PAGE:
Electric Universe – 1983
Produced by Maurice White and Wayne Vaughn for Kalimba Productions
Arranged by Maurice White and Jerry Hey

Review by RJM – Rating:

Electric UniverseYears of being the kings of Black pop were taking its toll on Earth, Wind & Fire. A split was inevitable, even if they’d recovered from their early 80’s slump. They’d been on top for most of the second half of the 1970’s with little real competition. No one stays on top of the pop world forever. They could have concentrated on making quality music and certainly more jazz. Maybe stop touring so much, and occasionally slip in some gimmick to keep the bills paid.

Instead, 1983’s «Electric Universe» is remembered as what finally finished off EWF. The crossover kings had finally crossed completely into a strange world of electronic-pop-dance-rock (for lack of a better phrase), the result being mostly indigestible. Band members’ songwriting credits were now non-existent – even Maurice’s credits were at an all time low. «Electric Universe» should have been titled «Maurice White and Friends Present EWF».

In terms of instrumentation, «Electric Universe» isn’t among EWF’s worst. Verdine was still an excellent musician, popping away at the bass, and guitarist Roland Bautista as proficient as ever. What else can be said about the phenomenal Larry Dunn? The vocal arrangements are very good with a real sense of urgency, but we expect no less of EWF. However, the really obnoxious part of «Electric Universe» are those darn synth drums and arrangements. These appear on every cut in the same form, including the ballads, where they’re totally out of place – arrrrgh.

The theme of «Electric Universe» is computerized, futuristic music and lyrics. This project, including the cover art, seemed rushed, probably because it was the third release in 1983. Though the lead single, «Magnetic», charted, it was the first time since 1973 that no EWF single hit the top fifty from a given album. In spite of the advertising blitz, sales of «Electric Universe» were the poorest since 1972’s «Last Days And Time».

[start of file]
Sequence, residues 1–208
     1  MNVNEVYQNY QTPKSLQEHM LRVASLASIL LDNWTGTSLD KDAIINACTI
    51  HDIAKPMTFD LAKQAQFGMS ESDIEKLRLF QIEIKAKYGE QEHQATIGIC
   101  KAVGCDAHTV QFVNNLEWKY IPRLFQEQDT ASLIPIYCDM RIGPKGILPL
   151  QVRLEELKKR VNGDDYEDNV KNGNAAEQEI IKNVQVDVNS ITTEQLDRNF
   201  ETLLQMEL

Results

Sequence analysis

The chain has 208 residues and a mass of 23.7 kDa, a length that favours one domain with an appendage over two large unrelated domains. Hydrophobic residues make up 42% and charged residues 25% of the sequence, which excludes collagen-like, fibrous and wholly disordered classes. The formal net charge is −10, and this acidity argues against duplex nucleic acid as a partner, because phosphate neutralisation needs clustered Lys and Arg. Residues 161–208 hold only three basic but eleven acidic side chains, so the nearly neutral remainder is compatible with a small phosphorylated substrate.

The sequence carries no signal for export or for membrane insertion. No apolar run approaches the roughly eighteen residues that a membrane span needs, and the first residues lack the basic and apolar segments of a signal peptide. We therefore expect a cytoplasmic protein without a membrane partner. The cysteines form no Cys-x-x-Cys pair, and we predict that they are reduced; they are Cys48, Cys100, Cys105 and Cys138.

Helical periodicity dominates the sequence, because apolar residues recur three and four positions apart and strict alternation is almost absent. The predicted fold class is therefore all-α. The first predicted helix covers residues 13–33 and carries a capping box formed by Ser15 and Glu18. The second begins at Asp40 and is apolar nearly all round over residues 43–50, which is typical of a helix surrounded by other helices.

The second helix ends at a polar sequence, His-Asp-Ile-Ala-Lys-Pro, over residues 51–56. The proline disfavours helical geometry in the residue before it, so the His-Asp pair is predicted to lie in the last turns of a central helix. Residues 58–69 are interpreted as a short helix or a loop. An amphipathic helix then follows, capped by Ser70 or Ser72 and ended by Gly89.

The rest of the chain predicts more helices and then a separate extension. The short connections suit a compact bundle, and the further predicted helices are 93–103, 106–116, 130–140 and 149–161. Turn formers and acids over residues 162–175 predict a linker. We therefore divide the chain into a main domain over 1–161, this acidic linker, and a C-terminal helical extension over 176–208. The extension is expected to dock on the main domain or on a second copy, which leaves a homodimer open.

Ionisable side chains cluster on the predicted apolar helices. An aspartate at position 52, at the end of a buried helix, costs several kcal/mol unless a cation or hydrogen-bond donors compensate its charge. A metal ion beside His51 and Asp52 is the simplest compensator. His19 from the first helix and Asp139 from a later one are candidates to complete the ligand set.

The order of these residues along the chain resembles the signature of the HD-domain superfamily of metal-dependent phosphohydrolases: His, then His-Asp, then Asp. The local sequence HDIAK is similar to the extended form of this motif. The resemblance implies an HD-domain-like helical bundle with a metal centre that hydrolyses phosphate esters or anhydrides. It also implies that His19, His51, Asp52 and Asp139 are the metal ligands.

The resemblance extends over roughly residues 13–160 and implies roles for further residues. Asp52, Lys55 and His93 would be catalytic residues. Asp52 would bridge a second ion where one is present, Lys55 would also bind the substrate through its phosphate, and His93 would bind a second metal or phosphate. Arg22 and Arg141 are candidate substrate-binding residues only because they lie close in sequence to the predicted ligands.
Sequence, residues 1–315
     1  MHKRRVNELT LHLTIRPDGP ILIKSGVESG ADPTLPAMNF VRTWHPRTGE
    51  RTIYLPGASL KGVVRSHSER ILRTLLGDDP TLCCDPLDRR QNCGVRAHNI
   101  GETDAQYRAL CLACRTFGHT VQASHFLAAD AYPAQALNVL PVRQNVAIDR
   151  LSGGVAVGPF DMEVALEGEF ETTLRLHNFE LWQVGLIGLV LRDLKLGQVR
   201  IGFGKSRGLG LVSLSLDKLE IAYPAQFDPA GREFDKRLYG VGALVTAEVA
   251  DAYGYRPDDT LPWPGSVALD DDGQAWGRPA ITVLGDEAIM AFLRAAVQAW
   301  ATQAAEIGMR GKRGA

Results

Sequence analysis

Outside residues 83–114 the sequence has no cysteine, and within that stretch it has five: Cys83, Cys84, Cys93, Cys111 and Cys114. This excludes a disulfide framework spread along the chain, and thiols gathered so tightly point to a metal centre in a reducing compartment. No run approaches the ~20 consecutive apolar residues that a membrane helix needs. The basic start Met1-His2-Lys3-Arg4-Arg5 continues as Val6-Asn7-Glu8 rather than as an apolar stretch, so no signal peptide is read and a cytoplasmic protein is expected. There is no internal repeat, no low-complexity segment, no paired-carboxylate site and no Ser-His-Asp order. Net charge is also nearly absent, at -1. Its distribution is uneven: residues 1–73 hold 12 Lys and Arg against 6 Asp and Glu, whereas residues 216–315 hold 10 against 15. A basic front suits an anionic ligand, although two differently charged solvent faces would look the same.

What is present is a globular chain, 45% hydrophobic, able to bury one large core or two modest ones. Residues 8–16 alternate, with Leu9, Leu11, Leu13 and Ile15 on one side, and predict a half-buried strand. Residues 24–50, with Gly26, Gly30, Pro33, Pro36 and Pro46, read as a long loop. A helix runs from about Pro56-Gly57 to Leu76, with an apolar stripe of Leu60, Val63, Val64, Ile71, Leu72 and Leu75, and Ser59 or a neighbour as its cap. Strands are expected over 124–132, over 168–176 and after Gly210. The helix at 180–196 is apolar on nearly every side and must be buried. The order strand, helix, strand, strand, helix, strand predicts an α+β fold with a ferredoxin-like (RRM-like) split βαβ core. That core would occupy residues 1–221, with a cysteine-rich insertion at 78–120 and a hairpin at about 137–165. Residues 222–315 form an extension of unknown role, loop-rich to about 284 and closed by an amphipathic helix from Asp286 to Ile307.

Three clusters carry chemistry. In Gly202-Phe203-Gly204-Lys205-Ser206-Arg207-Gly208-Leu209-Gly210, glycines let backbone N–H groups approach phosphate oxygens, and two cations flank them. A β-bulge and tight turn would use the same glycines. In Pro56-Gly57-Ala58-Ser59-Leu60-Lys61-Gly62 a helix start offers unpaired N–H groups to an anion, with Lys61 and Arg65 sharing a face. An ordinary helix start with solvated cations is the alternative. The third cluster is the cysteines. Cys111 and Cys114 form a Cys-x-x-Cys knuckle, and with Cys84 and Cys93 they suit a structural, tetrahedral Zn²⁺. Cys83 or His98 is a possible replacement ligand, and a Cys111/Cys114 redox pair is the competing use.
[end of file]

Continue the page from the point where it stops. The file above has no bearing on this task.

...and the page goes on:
«Magnetic», with its irrelevant video, was a clear sign of desperation. I would have responded infinitely better to «Magnetic» with the lead part of the chorus («the rhythm of a dangerous dance …» ) deleted. It keeps repeating, making me cringe every time I hear it. They made little effort in revamping the excellent «The Changing Times» and delivered it’s musical carbon copy «Electric Nation». The Vaughns’ «Sweet Sassy Lady» is the nail on the coffin.

There are some non-offensive tunes like «Touch», and the pretty ballads «Could It Be Right» and «Living In Our Own Time», but these were destined for oblivion. The arrangements on «Could It Be Right» are nice, so the cut suffers only from the identity it derives from «Electric Universe». 
There’s not one interlude here, which would have been welcomed to break the monotony. Like «Raise!», this work sounds more like itself than anything else EWF has done. I’m not sure it’s a sell-out, but I am sure it’s formula driven.

«Electric Universe» is the only EWF CD no longer in print. If one had to go, this had to be it. After this fiasco, EWF finally disbanded, and serious fans feared they were finished.
Not just yet! 

RJM (revised)

Tracks in order of strength:
1. Could It Be Right
2. Living In Our Own Time
3. Touch
…and the rest:
4. Magnetic
5. Electric Nation
6. Spirit Of A New World
7. Moonwalk
8. Sweet Sassy Lady

Total playing time: 37:24
US: Columbia CK 38980
EUR: Columbia 463079-2
JAP: 25DP-5127

Gunnar Homdrum 1996 © 2005